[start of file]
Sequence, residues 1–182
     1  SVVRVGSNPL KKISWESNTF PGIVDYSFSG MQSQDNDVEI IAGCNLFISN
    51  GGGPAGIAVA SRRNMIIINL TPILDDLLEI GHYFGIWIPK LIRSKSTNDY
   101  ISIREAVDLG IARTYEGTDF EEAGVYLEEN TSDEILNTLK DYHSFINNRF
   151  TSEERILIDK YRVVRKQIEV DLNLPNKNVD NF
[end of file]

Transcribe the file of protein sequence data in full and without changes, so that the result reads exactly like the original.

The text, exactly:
Sequence, residues 1–182
     1  SVVRVGSNPL KKISWESNTF PGIVDYSFSG MQSQDNDVEI IAGCNLFISN
    51  GGGPAGIAVA SRRNMIIINL TPILDDLLEI GHYFGIWIPK LIRSKSTNDY
   101  ISIREAVDLG IARTYEGTDF EEAGVYLEEN TSDEILNTLK DYHSFINNRF
   151  TSEERILIDK YRVVRKQIEV DLNLPNKNVD NF